A euphemism for "commercial break" used when sports are televised. The number and length of TV timeouts during each game is dictated by the network's contract with the league, and given how much the network paid for the rights to broadcast the game, they're going to show as many beer commercials as possible.

In the NFL, the need to take a TV timeout is communicated by someone standing on the sideline wearing giant fluorescent orange gloves and listening to the TV director on a headset. He crosses his arms to signal to the referee that it's time for a TV timeout.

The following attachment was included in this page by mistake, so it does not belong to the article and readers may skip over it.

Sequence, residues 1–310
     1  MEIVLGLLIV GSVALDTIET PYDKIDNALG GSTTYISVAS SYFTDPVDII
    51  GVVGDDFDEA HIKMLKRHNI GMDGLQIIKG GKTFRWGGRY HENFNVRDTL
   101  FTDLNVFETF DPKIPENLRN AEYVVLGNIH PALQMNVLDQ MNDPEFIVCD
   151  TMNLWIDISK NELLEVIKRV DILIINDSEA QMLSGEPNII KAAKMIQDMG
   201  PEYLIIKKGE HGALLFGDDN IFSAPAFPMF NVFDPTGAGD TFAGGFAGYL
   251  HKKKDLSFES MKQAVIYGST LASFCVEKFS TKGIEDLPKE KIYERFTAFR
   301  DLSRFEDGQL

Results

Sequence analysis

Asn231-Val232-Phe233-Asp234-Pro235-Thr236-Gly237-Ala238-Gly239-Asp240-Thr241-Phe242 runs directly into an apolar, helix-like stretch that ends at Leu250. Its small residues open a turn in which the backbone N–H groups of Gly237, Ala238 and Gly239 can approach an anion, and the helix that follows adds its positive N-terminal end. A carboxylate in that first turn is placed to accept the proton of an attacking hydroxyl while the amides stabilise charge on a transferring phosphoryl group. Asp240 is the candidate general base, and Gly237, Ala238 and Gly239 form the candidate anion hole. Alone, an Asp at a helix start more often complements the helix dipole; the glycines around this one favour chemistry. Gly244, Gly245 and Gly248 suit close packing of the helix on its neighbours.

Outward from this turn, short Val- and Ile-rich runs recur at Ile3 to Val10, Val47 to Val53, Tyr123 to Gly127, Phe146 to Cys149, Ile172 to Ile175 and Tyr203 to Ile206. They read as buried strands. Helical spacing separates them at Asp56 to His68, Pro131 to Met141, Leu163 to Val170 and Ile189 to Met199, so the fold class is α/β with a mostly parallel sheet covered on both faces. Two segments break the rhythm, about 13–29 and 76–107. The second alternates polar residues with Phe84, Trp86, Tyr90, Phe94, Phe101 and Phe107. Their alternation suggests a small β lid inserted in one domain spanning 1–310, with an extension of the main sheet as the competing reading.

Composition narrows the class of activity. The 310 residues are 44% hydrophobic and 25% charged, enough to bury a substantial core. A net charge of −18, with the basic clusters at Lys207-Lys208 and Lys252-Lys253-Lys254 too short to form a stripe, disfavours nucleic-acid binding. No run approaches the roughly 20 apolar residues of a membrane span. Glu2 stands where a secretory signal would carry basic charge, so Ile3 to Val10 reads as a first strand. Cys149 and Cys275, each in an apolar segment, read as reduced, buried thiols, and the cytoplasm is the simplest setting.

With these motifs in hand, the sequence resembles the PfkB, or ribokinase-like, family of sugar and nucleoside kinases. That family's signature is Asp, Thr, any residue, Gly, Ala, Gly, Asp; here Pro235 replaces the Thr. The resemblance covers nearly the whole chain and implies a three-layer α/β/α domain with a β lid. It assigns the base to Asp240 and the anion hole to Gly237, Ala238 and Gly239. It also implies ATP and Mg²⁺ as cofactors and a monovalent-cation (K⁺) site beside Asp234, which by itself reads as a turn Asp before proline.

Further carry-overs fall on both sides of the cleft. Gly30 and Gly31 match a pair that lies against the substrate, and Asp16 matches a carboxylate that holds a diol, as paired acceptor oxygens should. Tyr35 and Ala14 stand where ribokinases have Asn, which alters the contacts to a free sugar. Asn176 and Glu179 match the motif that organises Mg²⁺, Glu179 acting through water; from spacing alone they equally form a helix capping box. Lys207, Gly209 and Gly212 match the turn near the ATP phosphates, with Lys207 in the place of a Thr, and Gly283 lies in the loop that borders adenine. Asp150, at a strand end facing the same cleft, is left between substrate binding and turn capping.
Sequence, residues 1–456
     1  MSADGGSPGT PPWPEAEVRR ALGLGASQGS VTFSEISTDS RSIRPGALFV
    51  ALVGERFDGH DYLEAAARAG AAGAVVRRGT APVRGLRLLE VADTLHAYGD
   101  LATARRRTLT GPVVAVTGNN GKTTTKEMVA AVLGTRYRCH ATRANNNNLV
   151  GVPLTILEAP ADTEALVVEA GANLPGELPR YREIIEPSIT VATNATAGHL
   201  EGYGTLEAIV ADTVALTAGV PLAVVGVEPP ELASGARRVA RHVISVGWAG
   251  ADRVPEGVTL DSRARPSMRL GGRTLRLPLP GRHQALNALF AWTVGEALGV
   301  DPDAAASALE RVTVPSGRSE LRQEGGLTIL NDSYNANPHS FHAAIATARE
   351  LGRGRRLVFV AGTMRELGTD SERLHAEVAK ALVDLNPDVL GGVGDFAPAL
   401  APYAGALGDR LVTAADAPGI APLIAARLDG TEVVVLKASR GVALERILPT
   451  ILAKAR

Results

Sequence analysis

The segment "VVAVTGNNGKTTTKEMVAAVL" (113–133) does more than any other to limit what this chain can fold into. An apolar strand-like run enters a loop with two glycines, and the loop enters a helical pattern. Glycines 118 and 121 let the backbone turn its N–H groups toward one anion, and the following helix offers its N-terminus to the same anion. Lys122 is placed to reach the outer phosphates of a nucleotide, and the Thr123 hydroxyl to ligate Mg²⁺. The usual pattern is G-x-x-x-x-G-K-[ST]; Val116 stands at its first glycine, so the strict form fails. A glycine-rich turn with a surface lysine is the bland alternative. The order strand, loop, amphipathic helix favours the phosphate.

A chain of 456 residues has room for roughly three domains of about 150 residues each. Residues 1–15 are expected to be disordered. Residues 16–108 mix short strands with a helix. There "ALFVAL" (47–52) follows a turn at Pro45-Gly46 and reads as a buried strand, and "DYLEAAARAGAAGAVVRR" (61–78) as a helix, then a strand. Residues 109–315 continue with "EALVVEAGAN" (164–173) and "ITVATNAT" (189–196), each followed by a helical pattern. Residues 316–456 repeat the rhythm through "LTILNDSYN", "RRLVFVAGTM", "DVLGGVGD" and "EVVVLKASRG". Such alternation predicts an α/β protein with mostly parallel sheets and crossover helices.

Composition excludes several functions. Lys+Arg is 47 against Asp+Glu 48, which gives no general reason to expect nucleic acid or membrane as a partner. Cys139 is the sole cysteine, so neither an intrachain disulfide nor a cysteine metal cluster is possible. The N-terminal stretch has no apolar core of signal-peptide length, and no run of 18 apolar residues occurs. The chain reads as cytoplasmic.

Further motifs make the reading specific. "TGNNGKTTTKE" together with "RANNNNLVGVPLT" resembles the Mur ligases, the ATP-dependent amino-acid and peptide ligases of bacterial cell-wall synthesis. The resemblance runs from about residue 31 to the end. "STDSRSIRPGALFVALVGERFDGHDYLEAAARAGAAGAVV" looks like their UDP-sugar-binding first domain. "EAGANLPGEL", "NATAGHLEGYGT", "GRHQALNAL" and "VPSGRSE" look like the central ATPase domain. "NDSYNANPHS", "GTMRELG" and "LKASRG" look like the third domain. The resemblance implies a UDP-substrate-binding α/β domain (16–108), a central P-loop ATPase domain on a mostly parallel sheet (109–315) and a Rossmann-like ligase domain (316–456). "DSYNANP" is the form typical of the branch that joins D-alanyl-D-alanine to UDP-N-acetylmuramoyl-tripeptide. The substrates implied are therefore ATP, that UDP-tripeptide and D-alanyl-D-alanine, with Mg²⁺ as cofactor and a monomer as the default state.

During TV timeouts, the fans who are actually in the stadium or arena are usually subjected to the instant replay screen playing similar advertisements to those the TV viewers are watching, despite the fact they had to shell out dozens if not hundreds of dollars for a ticket.

It's amazing how much less time it takes to play an untelevised college football game than a televised one, thanks to the absence of TV timeouts. Similarly, soccer is downright speedy.

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